Thou art not thyself;
For thou exist'st on many a thousand
grains
That issue out of dust.
A good Lucretian argument for the mor-
tality of the soul. Nor is this non-Chris-
tian attitude the only disturbing thing
in this harangue. Not a single line is
pertinent to Claudio's individual po-
sition, although the ghostly confessor
is supposedly reconciling him to the jus-
tice of his punishment. The passage is
a deliberate piece of logical oratory,
constructed according to the best rhet-
orical style and designed to persuade.
The reiterated phrases, "thou art not
noble," "thou'rt by no means valiant,"
"happy thou art not," "thou art not
certain," "if thou art rich, thou'rt poor,"
"friend hast thou none," etc. are
marks of the rhetorical style. Though
the persuasive eloquence is applicable
to man in general, it is not applicable to
this particular Claudio at this particular
time, who, as the Duke well knew, waf
condemned for a sin more unlawful in
appearance than in reality.
What possible explanation is there for
this speech that fails so signally to
jump with the circumstances? It might
be argued that Shakespeare has mo-
mentarily broken through his dramatic
fabric and is speaking his own voice.
Such moments are not unknown in the
best of authors. But the speech is too
deliberately constructed, too eloquently
argued to be an instance of slipshod
technique. It might also be argued that
the speech is characteristic of the Duke
in his real person, however inconsis-
tent it may be with his present dis-
guise. Unfortunately, other passages in
the play do not support this interpreta-
tion. There remains a third explanation.
The first two interviews have been built
largely upon contrast. The interview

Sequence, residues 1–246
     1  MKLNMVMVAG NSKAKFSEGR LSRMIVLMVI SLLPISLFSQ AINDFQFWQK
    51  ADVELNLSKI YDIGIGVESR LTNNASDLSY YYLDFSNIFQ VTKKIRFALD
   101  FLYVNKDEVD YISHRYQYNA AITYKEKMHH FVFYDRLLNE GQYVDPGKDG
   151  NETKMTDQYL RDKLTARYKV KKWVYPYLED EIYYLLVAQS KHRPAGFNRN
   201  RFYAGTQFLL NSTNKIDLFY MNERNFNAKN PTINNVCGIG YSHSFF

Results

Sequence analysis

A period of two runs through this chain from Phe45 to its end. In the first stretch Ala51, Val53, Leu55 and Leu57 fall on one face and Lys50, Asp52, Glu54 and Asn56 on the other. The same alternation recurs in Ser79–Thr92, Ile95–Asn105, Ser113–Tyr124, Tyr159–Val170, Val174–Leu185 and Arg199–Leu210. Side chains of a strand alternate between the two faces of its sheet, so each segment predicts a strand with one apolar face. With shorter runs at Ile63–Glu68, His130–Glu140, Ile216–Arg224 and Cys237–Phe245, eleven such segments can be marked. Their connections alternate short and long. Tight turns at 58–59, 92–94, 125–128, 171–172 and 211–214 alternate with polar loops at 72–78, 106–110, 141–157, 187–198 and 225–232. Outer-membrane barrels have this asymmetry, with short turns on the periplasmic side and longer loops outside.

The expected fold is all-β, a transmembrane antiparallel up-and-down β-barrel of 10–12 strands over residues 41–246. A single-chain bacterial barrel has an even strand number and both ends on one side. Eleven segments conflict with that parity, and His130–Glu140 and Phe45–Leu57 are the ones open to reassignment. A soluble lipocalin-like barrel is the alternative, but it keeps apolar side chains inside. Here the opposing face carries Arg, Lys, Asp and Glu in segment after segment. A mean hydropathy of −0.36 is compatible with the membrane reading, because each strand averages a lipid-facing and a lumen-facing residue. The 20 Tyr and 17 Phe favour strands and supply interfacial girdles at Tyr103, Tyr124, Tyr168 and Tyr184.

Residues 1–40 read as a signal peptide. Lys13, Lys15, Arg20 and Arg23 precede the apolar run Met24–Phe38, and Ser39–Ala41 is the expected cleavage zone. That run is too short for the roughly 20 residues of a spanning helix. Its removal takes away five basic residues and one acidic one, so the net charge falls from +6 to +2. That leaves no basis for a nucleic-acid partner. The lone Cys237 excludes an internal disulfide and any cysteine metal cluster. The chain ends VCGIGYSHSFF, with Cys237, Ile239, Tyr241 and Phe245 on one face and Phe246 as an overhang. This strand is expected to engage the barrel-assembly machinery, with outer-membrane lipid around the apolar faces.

which is to come between Isabella and
Claudio, one of the most brilliant poetic
passages in Shakespeare, is likewise
built up by the coptrast between Isa-
bella's revulsion from Angelo's illicit
proposal and Claudio's sudden fear of
death. The non-Christian exhortation
of the friar both sets the stage for this
interview and contrasts sharply with
it Immediately after the Duke with-
draws, Isabella informs her brother that,
by Angelo's decree, he must die. And
uppermost in her mind is the shameful
means by which she might purchase
her brother's pardon:
O, I do fear thee, Claudio; and I quake,
Lest thou a feverous life shouldst enter-
tain,
And six or seven winters more respect
Than a perpetual honour. Darest thou

die?

The sense of death is most in apprehen-
sion;
And the poor beetle, that we tread upon,
In corporal sufferance finds a pang as
great
As when a giant dies.
(I, 1, 74-81)
Her argument follows that of the Duke,
but with less logic and far more passion.
Through a crescendo of mounting emo-
tion, we begin to feel the growing fear
of Claudio, who, in spite of his apparent
agreement with the friar's eloquent ar-
guments, unconsciously looks on death
she wouldn't, and he had to leave dough.
as a live and personal neing. His
thoughts take color from his sensual
nature,
If I must die
I will encounter darkness as a bride
And hug it insmine arms.
So the transition proceeds from philoso-
phic reason to the final frenzied out-
burst of fear.
Ay, but to die, and go we know not where;
This sensile warm motion to become
To lie in cold obstruction and to rot:
A kneaded clod; and the delighted spirit
To bathe in fiery floods, or to reside
In thrilling region of thick-ribbed ice;
To be imprisoned in the viewless winds.
And blown with restless violence round
about
The poendent world; or to be worser than
Of those that lawless and incertain
thought
Imagine howling:-'tis too horrible!
The weariest and most loathed worldly
life
That age, ache, penury, and imprisonment
Can lay io nature is a paradise
Ta what we fear of death.
(Ill, 1, 118-32)
Claudio's anguished fear answers not
only the pleading of Isabella but also
the clear logic of the Duke. It is the dra-
matic climax to the great triad of con-
trasting speeches which began with Isa-
bella's first interivew with Angelo. The
persuasive eloquence of Epicureanism
with all its fullest arguments against
the fear of death meets the quick human
dread of the unknown. Claudios death-
filled imagination leaps beyond all logic
to the horrors that wait the fleeting
soul, and the pagan philosophic view
of death as but a restful and enduring
sleep finds its counterpart in the wild
vision of the tortures of the Christian
damned. If one may be allowed a tem-
porary license, we have in this contrast
the overthrow of all the restrained
reason of the best ancient philosophers
by the new mad supersition of
medieval superstition. And what mag-
nificent phantasy it is! What contrasts